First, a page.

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CFP: The Ecology of Meter: Meter and Language – Meter and Literature

Monday, June 22, 2015   (0 Comments)
Posted by: Hannah Davis
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Metrics is sometimes described as discipline run by people who spend their lives counting syllables. Nothing could be farther from truth – poetic meters do not exist in a mathematical vacuum, and knowing the number of syllables, feet etc. per line rarely equals knowing what a given meter is and how it works. Meter is a creative tool that shapes, and is shaped by, language (John Miles Foley used to talk about “trademark symbiosis between metre and language”), tradition, textual and social environments, as well as other co-existing meters and ultimately the people who use, abuse and transmit texts composed in it. The combined action of these factors, seemingly extra-metrical, constitutes in fact what we would like to call the ecologly of meter. Meter is a living thing of language(s) and literature(s) that depends on this ecology as much as the poetry itself; the two, consequently, can (and should) be approached from a variety of angles and studied by a variety of methods that touch upon and connect different aspects of a meter’s ecology.

We would thus like to shed the dry image of metrics as a field of study and address the ecology of various meters in various traditions in a special issue of RMN Newsletter, the international open-access bi-annual publication of the Department of Folklore Studies, University of Helsinki (ISSN 2324-0636 print, ISSN 1799-4497 electronic). Our publication promotes cross-disciplinary discussion on diachronic, comparative and source-critical treatments of cultural expression across diverse and intersecting disciplines.

The special issue on meter ecology calls for both research articles (up to 15 pages + works cited) and reviews (up to 7 pages + works cited). The research articles will be peer reviewed. We are pleased to invite articles treating various poetic sources in various languages on themes such as:

The symbiotics of meter and language

 - Which linguistic features of a given language are used as the basis of a meter?

 - Which linguistic features are ignored?

 - Which are affected or altered by metrical use?


Systems of meters in a given tradition

 - What are the differences, similarities and interactions of different meters in a given linguistic, social or cultural environment?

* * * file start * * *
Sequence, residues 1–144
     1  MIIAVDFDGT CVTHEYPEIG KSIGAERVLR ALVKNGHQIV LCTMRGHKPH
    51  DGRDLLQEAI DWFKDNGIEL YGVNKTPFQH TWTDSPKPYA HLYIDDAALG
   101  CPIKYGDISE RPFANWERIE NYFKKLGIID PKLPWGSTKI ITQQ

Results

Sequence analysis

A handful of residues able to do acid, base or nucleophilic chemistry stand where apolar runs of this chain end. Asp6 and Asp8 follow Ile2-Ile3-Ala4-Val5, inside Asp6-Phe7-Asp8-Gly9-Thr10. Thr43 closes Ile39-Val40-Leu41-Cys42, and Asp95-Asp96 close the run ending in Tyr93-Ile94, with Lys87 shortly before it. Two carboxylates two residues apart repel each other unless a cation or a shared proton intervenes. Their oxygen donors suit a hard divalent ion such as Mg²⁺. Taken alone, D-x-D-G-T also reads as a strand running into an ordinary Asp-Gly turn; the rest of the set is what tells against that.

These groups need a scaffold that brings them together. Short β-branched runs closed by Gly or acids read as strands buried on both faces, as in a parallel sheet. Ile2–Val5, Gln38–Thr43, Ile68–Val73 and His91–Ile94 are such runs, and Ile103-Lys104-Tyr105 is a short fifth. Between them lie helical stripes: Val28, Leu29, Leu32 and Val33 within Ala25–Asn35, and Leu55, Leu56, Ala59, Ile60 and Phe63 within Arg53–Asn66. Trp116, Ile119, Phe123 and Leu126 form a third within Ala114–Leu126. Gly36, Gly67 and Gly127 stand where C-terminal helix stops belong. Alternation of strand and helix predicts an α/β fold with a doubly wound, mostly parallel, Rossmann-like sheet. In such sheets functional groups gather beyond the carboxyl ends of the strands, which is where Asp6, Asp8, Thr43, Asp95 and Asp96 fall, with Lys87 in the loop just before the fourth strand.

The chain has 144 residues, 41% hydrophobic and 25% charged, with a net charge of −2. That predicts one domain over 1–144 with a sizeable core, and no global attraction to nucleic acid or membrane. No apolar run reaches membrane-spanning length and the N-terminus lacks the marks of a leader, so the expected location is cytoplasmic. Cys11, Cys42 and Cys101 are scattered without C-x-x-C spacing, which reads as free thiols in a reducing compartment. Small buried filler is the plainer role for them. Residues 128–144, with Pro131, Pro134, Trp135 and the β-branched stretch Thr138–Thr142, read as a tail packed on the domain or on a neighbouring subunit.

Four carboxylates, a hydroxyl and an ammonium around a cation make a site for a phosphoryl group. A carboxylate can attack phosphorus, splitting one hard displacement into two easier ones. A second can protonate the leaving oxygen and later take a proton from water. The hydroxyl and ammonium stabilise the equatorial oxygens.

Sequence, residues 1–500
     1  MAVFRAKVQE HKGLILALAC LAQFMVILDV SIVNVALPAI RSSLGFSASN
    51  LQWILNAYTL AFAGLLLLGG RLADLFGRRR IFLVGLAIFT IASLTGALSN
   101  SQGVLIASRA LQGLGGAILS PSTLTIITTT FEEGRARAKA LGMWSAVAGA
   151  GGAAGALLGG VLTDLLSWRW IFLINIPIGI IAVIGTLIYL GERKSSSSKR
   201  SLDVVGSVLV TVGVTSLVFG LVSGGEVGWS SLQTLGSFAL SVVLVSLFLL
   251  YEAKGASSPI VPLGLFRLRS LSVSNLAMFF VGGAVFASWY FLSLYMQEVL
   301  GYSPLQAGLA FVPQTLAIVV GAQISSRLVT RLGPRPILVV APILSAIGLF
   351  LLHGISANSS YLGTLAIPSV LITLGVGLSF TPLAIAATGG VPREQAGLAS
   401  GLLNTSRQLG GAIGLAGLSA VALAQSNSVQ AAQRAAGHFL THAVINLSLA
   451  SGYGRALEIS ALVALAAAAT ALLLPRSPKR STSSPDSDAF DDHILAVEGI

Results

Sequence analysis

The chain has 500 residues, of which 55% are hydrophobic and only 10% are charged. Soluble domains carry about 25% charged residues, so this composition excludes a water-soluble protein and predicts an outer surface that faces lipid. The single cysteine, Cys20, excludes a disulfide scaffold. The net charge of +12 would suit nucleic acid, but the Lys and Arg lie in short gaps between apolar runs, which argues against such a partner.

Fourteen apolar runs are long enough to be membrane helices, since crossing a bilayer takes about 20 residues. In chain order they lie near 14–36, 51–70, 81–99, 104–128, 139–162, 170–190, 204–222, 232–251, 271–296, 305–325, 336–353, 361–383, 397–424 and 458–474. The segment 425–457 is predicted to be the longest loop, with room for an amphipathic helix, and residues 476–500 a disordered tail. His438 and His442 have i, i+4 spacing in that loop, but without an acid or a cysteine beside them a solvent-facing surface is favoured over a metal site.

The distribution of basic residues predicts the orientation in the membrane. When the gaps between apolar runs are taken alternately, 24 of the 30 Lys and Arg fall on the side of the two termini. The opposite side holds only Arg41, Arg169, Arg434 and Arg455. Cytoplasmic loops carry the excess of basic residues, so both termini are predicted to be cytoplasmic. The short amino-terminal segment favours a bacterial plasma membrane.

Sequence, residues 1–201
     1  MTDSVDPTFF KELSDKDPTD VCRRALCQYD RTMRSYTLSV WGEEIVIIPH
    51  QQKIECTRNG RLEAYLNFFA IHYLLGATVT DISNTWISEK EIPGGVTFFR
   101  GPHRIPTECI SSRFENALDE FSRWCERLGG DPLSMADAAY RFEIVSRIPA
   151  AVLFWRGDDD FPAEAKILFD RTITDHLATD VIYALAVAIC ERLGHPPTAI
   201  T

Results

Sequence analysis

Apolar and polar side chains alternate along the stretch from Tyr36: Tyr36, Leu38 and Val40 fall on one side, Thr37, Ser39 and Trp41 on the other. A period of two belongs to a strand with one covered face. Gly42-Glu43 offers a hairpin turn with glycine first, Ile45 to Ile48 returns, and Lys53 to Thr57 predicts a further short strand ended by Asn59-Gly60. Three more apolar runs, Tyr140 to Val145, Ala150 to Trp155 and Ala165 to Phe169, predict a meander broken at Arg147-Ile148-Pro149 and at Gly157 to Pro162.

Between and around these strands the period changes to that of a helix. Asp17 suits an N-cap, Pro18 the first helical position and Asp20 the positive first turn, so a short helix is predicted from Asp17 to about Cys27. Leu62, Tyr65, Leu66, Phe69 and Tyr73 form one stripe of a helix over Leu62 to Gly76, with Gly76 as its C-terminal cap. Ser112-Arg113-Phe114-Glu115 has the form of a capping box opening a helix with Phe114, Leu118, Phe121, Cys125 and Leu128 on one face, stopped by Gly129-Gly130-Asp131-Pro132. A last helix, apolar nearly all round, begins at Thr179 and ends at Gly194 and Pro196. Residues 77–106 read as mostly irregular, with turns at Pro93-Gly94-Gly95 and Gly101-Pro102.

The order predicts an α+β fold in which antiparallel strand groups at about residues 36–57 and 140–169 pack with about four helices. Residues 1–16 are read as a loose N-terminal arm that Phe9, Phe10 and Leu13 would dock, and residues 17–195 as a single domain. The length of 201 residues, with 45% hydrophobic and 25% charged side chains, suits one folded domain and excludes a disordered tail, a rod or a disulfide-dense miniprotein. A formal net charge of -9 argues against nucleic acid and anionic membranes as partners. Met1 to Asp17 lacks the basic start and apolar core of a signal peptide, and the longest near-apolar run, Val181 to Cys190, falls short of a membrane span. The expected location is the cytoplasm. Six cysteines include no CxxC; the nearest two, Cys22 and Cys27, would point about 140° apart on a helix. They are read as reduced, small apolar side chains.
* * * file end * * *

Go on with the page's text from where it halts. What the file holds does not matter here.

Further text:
The meaningfulness of meter and metricality

 - What is the social significance of metrical versus non-metrical discourse?

 - Do certain meters have connotative, iconic or other significance in language use?

 - How does the evolution of multiple meters interface with a social semiotic of poetic expression?

 - How is the meaning potential of meter affected by context?

Meters on the move

 - What happens when a meter devised in one language is used to compose texts in another language?

 - What happens when a meter is more generally adapted to a new ecology?

Meters across the time – the evolution of meters

 - How does linguistic change affect, or not affect, a meter?

 - What are outcomes of attempts to compose new texts in ‘old’ or ‘ancient’ traditional meters that have ceased to be productive?

 - What happens in metrical ‘revivals’ or metrics in the revival of broader traditions?

Contexts and variation in practice

 - How does meter or its perception vary in ‘oral’ versus ‘written’ discourses?

 - Can social context affect metrical variation?

 - How do meter and metrical features vary by genre, and why?

Relationships between meter and techniques of composition

 - How does the symbiosis of a traditional meter and language evolve resources for producing metrically well-formed lines?

 - How do compositional techniques and resources reciprocally relate to or affect a meter?

 - How do such techniques function in relation to meter?

These and other relevant themes may be discussed through narrow case studies or broader comparative investigations. Emphasis may be empirically oriented or give primary attention to the development of methods or theory.

If you are interested in participating in this international and cross-disciplinary discussion, please submit a 500 word abstract of your proposed contribution, with your name, affiliation and contact information to guest editor Ilya Sverdlov at snerrir[at]

The deadline for paper proposals is 1st July 2015. The deadline for completed paper submission is Monday, 31st August 2015.

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